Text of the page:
Specifically, the equation (3) represents a force balance in a rotational direction of the tire. The equation (4) represents a force balance of the spring elements of the tire and a road-contact surface of the tire. The equation (5) indicates that the slip speed is equivalent to the sum of the amount of extension of the spring elements and the amount of slippage of the road-contact surface of the tire. Assuming that the brake torque TB is increased by ΔTB, the change ΔVs in slip speed Vs may be expressed using the above equations as follows: Note that the equation (6) is derived under condition that a change in vehicle speed VB is much smaller than the slip speed change ΔVs so that it may be ignored. From the equations (3) to (5), a change ΔVs From the above equations, it is found that the changeΔVs Specifically, in the range 1 where the damper factor hardly changes, the slip speed Vs may be indicated as a function the component Vs Therefore, it is followed that the change in wheel speed Vw which is substantially identical in phase with the slip speed Vs is shifted in phase similar to the slip speed Vs. For reference, results of simulations in terms of the speed change ΔVs From the shown results, it is found that when the slippage factor C is higher, only the tire spring is extended, changing the slip speed change ΔVs, and as the slippage factor C is decreased, the change in extension of the tire spring is decreased, while the amount of slippage of the road-contact surface of the tire is increased. Accordingly, the inventor of this application paid attention to the phase delay of the slip speed change ΔVs caused by the brake torque change ΔTB and found a method of detecting a drop in wheel speed Vw based on the phase delay of the slip speed change ΔVs to determine the timing where the brake pressure is decreased in the antiskid brake control. FIG. 8 shows a change in wheel speed Vw and resultant changes in W/C pressure (referred to below as brake pressure change ΔPb, wheel speed Vw (referred to below as wheel speed change ΔVw, and wheel speed change ΔVw (referred to below as change in wheel speed change ΔΔVw, as determined in a given period of time ΔT. A method of determining these parameters will be described below in detail. Comparison between the ranges 1 and 2 shows that the waveforms of the wheel speed Vw, the wheel speed change ΔVw, and the change in wheel speed change ΔΔVw change, and phases thereof are delayed. The detection of drop in wheel speed Vw may, thus, be accomplished using the fact that in a transitional period of time from the range 1 to the range 2, the wheel speed Vw, the wheel speed change ΔVw, and the change in wheel speed change ΔΔVw are shifted in phase thereof. For instance, when the phase delay of the wheel speed Vw, that is, a shift in phase of the wheel speed Vw from the W/C pressure Pb exceeds a given threshold value, it may be determined that the wheel speed Vw has dropped. It is difficult to compare the phase of the wheel cylinder pressure Pb with the wheel speed Vw because null levels thereof are different from each other. The comparison may, however, be achieved by bringing null levels of the brake pressure change ΔPb and the wheel speed change ΔVw into agreement with each other. Therefore, the comparison between the phases of the brake pressure change ΔPb and the wheel speed change ΔVw enables the drop in wheel speed Vw to be detected based on the phase delay of the wheel speed change ΔVw. The wheel speed change ΔVw contains an offset equivalent to the rate of decrease in vehicle speed (i.e., the deceleration of the vehicle body), and, thus, the wheel speed change ΔVw is not expressed on the basis of the null level accurately. For this reason, use of the change in wheel speed change ΔVw allows the offset to be removed from the wheel speed change ΔVw, thereby allowing the drop in wheel speed Vw to be determined accurately based on the phase delay of the change in wheel speed change ΔΔVw derived by comparing the phase of the brake pressure change ΔPb with that of the change ΔΔVw. Next, the inventor of this application studied the determination of the degree of drop in wheel speed Vw by comparison between the phase of the brake pressure change ΔPb and the phase of the wheel speed change ΔVw or the change in wheel speed change ΔΔVw based on the above described analysis. The phase delay of the wheel speed Vw is, as described above, determined based on a step change in W/C pressure Pb. Thus, the antiskid brake system measures, in practice, the phase delay of the wheel speed Vw when the W/C pressure Pb is increased, detects the drop in wheel speed Vw based on the phase delay, and stops increasing the W/C pressure Pb and holds it before the degree of drop in wheel speed Vw becomes great, that is, before entering the range 2, thereby producing the brake force whose level produces a value of the tire-road adhesion μ in the vicinity of the peak thereof. This brake force will be referred to below as μ-peak brake force. However, the road condition may be changed during traveling of the vehicle. It is, thus, necessary to modify the W/C pressure Pb quickly as a function of the change in road condition. For instance, it is required to increase the W/C pressure Pb greatly upon change in road condition. It is, thus, essential that a change in drop in wheel speed Vw resulting from the change in road condition be monitored during a time when the W/C pressure Pb is held constant. It is, thus, advisable that a brake pressure-increasing pattern and a brake pressure-holding pattern used in the antiskid brake control be so determined that the change in wheel speed Vw may be measured. Accordingly, the inventor of this application found, as an example, a brake pressure-increasing pattern and a brake pressure-holding pattern, as shown in FIGS. 9 and 10, suitable for the antiskid brake control. If a time (ΔT/2) that is half the change-determining cycle ΔT is defined as the width of a pulse of brake pressure (i.e., a unit change in W/C pressure), the W/C pressure Pb in the brake pressure-increasing pattern of FIG. 9 is, in sequence, increased, increased, held, and held during one control cycle equivalent to four times the pulse width. In the brake pressure-holding pattern of FIG. 10, the W/C pressure Pb is, in sequence, increased, decreased, held, and held during one control cycle equivalent to four times the pulse width. Specifically, a pulsed increase in W/C pressure Pb is produced for measuring the degree of drop in wheel speed Vw, after which the W/C pressure Pb is held at an initial level. As can be seen from FIGS. 9 and 10, the brake pressure change ΔPb, the wheel speed change ΔVw, and the change in wheel speed change ΔΔVw in the brake pressure-increasing pattern show waveforms similar to those in the brake pressure-holding pattern. This allows the brake pressure change ΔPb and the wheel speed change ΔVw or the change in wheel speed change ΔΔVw to be compared in sequence in the brake pressure-increasing pattern and the brake pressure-holding pattern. Specifically, the use of the brake pressure-increasing and -holding patterns allows the brake pressure change ΔPb and the wheel speed change ΔVw or the change in wheel speed change ΔΔVw to be compared even when the W/C pressure Pb is regulated sequentially according to the brake pressure-increasing pattern and the brake pressure-holding pattern, thus enabling a change in wheel speed Vw to be determined even after start of regulation of the W/C pressure Pb according the brake pressure-holding pattern. The use of a filter designed to calculate each of the brake pressure change ΔPb and the wheel speed change ΔVw or the change in wheel speed change ΔΔVw by finding a difference between instant values sampled at a given time interval minimizes a delay in determining the phases thereof. The pressure-increasing and -holding patterns of FIGS. 9 and 10, are so made that the same change in W/C pressure Pb is repeated in synchronism with the control cycle, thereby eliminating a variation in calculating the phases between the control cycles. When it is required to increase the W/C pressure quickly, the amplitude of a rise in W/C pressure may be, as shown in FIG. FIG. 12 shows an antiskid brake system for automotive vehicles according to the first embodiment of the invention. The antiskid brake system has wheel speed sensors The antiskid brake system also includes a stop switch The actuators The electronic control circuit The electronic control circuit The peak search circuit The recovery circuit FIG. 14 shows a logical structure of the phase detector The phase detector As will be described later in detail, in order to remove offsets or noises contained in values of the brake pressure change ΔPb and the wheel speed change ΔVw or the change in wheel speed change ΔΔVw, the system of this embodiment subtracts a mean value Mean(ΔPb) of a given number of successive values of the brake pressure change ΔPb, a mean value Mean(ΔVw) of a given number of successive values of the wheel speed change ΔVw, and a mean value Mean(ΔΔVw) of a given number of successive values of the change in wheel speed change ΔΔVw from the brake pressure change ΔPb, the wheel speed change ΔVw, and the change in wheel speed change ΔΔVw, respectively, and outputs resultant values to the phase detector For assuring the accuracy in determining the phase difference in the phase detector The phase detector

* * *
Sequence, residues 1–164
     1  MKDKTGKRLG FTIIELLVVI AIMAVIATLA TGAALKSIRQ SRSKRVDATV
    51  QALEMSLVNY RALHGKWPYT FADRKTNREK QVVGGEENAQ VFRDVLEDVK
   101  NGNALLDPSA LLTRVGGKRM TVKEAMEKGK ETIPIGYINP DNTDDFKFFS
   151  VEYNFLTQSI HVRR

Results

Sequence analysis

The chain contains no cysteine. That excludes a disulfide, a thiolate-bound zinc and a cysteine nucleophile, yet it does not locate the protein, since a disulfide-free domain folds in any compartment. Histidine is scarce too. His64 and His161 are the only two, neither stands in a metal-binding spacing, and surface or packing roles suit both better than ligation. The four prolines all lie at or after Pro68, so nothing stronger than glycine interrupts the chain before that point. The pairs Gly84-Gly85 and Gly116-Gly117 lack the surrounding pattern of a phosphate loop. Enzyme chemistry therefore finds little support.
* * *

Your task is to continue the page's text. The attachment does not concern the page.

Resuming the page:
where a and b are constants, and e(t) represents an error component. Note that Eq. (9) represents a first-order lag model, Eq. (10) represents model parameters, Eq. (11) represents a regression vector, and Eq. (12) is a model parameter-projecting equation for projecting the parameters in the model using the method of least squares. From the parameter derived by the equation (12), the phase delay is determined. Eq. (13), as shown below, represents a transfer function in fo (frequency). Eq. (14) is an equation for a gain in fo. Eq. (15) is an equation for finding a phase delay in fo. where